Consequential Questions to Happiness

In the American declaration of independence, one of the inalienable rights of every American is "the pursuit of happiness". Why did Thomas Jefferson write it as "the pursuit of.." and not just "happiness"? In saying happiness is inconsequential, is it in conflict with the declaration of independence?

Examining life in general, the very meaning of "the pursuit of happiness" may be interpreted as the pursuit of.. money, status, power, sex, and the likes of them. Can the vehement and fanatical pursuit of these elements bring about happiness? If the answer is yes, the masses have every reason of scaling the unforgiving heights of the financial, status, power, and sex mountains of the world in the pursuit of happiness.

When one look for happiness, what do they really look for? This is a consequential question.

"When one sacrifice time with family in order to spend more "quality time" with the boss (so to get that promotion and pay rise), will one be happy?"

"When I hide it all behind my spouse in order to have that thrilling experience with the woman or man, will I be happy?"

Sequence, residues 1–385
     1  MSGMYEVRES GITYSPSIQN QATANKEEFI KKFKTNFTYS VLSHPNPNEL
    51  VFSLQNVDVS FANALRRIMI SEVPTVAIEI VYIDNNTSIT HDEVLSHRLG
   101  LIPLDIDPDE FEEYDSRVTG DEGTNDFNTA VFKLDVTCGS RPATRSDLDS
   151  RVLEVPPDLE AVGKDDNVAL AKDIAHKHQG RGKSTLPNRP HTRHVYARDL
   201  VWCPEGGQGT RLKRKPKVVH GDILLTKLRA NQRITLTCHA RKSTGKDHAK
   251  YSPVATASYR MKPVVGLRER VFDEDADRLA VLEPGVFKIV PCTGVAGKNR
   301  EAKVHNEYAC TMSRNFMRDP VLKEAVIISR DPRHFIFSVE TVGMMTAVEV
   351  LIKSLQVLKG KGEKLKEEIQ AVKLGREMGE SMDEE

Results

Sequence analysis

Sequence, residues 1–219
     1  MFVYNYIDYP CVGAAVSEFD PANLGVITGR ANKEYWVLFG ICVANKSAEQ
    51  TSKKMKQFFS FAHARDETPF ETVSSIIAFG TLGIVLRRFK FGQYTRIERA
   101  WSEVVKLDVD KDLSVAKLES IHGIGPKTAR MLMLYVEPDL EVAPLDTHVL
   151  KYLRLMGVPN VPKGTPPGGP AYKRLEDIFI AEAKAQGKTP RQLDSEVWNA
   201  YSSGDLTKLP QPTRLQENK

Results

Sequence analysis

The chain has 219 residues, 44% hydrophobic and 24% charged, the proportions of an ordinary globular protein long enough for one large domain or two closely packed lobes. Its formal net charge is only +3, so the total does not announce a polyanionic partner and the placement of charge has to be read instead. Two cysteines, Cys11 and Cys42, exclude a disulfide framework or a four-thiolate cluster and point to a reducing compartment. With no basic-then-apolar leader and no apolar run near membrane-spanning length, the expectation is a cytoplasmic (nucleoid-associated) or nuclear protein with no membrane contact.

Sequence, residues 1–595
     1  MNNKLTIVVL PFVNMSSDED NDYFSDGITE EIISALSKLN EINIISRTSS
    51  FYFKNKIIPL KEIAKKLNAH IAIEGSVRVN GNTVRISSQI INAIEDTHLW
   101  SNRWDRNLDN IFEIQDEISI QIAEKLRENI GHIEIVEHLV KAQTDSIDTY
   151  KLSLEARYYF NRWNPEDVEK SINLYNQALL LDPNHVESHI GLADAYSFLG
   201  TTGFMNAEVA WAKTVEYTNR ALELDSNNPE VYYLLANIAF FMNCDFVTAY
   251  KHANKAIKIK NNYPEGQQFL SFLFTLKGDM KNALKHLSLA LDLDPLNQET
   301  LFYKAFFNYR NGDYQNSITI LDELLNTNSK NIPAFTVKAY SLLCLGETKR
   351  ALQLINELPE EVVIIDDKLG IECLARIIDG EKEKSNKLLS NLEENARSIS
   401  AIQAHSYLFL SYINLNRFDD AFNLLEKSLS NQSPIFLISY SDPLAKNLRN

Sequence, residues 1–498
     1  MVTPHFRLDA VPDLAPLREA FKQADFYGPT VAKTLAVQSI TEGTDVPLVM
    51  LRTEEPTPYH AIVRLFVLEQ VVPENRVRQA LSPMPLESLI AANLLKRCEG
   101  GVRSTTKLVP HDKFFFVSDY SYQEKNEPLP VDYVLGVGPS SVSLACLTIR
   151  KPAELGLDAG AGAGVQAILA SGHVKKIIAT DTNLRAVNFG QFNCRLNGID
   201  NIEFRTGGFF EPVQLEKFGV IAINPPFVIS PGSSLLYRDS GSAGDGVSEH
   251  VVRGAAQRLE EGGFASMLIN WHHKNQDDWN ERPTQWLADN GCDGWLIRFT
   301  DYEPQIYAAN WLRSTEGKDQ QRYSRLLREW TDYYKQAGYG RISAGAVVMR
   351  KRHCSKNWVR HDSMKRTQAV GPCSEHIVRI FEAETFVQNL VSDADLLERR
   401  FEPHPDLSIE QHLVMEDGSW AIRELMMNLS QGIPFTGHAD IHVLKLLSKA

"When I have removed all potential competition at all cost and by whatever means necessary and got to the top of the corporate ladder, will I be happy?"

One may run away from this consequential question for a while but it will hunt them down and catch up with them sooner or later and hopefully not on the death bed. They will either lurch, and continue running to see how far they can go or face the question square on.

If the answer is a "yes", then the journey ahead is long and perilous. If "no", then there is much room to find the real meaning of happiness.

by Aloy L. Counsellor, Author, Speaker. He has rigorously trained in counselling and psychotherapy, served full-time in ministries, and worked businesses on solid principles. His calling and mission are to counsel, write, and speak Hope to all.

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